India launched its first mission to dig deep into the sun’s workings, marking another win for the country’s space program that recently delivered a successful moon landing.
(Bloomberg) — India launched its first mission to dig deep into the sun’s workings, marking another win for the country’s space program that recently delivered a successful moon landing.
The solar observation mission — Aditya-L1 — lifted off from India’s main spaceport on Sriharikota, an island off the southern state of Andhra Pradesh, at around 11:50 a.m. local time on Saturday.
The spacecraft is starting a 125-day journey to get to its destination, a point that’s 1.5 million kilometers (932,000 miles) from Earth but still just a fraction of the 150 million km distance between Earth and the sun.
The solar probe is helping ISRO, India’s space agency, notch up its second feat in less than a month after the country beat others to the lunar south pole in late August. India’s advancement in the global space race could be beneficial for Prime Minister Narendra Modi as he prepares to face general elections next year.
India’s other ongoing projects include a human spaceflight program that aims to launch astronauts into orbit for the first time possibly by 2025, ISRO Chairman S Somanath said in an interview with news agency Asian News International.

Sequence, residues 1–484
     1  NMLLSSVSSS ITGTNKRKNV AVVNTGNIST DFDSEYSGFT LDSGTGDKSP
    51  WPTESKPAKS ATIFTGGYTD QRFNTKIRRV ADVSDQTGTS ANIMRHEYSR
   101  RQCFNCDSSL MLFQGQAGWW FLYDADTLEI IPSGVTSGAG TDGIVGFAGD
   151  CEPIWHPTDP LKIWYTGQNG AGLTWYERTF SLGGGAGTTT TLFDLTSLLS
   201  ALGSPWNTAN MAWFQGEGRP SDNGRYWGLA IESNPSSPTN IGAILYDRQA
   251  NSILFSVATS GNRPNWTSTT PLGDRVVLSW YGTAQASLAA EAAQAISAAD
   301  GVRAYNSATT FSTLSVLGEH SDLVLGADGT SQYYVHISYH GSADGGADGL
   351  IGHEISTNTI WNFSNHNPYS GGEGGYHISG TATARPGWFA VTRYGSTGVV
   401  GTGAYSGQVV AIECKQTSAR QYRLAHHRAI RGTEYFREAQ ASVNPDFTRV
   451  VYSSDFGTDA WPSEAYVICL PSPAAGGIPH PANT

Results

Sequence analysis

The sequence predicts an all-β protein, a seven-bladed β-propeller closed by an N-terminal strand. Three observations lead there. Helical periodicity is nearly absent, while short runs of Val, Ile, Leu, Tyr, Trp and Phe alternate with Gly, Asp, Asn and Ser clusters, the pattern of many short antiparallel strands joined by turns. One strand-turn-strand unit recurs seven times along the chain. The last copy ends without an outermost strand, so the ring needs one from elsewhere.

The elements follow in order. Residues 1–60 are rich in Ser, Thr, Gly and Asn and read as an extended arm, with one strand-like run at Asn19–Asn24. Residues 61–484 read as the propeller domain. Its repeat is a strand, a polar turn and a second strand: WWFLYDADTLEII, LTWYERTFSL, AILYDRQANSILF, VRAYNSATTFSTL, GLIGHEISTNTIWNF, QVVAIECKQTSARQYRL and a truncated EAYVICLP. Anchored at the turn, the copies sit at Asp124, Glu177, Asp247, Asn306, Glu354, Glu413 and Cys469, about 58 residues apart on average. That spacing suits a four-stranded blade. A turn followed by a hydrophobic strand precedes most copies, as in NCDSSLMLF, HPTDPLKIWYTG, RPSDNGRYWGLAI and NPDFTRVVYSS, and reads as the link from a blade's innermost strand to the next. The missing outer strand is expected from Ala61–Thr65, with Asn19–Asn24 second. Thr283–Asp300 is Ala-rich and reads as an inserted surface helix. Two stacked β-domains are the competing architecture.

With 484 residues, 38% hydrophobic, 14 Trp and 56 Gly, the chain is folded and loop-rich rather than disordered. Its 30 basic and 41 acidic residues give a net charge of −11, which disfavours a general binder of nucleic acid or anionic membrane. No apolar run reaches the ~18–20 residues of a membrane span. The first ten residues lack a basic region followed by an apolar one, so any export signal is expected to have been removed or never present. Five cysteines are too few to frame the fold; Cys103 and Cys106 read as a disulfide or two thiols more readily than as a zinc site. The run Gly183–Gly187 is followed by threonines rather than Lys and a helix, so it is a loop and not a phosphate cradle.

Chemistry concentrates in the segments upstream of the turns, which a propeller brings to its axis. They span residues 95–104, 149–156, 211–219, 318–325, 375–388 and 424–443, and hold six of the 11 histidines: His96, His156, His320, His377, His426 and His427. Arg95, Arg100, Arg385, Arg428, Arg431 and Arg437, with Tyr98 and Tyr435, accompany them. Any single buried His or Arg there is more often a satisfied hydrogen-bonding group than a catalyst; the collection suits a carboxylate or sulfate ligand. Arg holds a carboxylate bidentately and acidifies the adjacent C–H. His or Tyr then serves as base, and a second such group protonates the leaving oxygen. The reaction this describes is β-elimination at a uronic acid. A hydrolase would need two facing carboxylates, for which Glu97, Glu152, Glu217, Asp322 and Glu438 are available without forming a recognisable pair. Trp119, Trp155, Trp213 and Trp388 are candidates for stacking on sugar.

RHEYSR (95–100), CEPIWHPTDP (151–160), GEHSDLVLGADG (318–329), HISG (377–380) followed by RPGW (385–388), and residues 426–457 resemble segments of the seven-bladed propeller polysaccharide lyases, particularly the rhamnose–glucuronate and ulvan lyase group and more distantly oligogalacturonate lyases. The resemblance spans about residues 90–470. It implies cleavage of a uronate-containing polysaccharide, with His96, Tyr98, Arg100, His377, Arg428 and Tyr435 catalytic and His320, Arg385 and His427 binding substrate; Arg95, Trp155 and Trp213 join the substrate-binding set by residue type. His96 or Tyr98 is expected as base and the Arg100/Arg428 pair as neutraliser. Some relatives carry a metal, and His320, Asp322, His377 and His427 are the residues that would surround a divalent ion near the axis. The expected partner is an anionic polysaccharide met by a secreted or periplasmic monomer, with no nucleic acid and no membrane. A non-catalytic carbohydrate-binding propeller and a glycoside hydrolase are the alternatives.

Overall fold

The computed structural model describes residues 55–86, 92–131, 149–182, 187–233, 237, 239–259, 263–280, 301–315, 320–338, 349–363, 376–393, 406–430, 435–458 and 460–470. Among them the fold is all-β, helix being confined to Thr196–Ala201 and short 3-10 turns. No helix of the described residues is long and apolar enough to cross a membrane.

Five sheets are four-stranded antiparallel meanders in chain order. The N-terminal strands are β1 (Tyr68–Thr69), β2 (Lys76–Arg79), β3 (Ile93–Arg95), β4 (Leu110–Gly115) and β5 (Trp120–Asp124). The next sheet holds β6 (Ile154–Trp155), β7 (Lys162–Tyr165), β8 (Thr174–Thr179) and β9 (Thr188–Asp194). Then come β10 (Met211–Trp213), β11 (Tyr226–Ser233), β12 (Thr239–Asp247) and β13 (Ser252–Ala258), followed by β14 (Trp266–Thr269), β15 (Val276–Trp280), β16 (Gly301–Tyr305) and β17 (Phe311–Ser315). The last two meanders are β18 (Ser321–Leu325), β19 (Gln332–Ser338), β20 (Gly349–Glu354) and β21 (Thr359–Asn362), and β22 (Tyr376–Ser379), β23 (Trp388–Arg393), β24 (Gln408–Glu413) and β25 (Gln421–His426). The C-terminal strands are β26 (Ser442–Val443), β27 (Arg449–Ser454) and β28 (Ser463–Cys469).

ISRO and NASA plan to cooperate on sending astronauts to the International Space Station and India is in talks with Japan to work together on a moon mission. Modi has said ISRO will launch an uncrewed Venus mission.
Aditya-L1 is headed to a halo orbit around one of five Lagrange points, areas known as parking spots in space because probes can orbit them in a constant pattern while conserving fuel. From there, Aditya-L1 will have an undisturbed view of the sun and observe in real time its effect on environmental conditions in the vicinity of Earth and other planets.
With the solar mission, India has joined a small group of countries with probes studying the sun.
China has two such spacecraft orbiting Earth, including the Advanced Space-based Solar Observatory launched last year to investigate solar flares and coronal mass ejections.
Hinode, backed by space agencies from Japan, the UK, the US and Europe, is also orbiting Earth and measuring the magnetic fields of the sun.
Meanwhile, the Solar & Heliospheric Observatory mission or SOHO, a joint project of NASA and the European Space Agency, is near the same Lagrange point that Aditya-L1 is headed for. Another joint US-European mission, Solar Orbiter, is programmed to travel as close as about 42 million km from the sun.
–With assistance from Shruti Srivastava.
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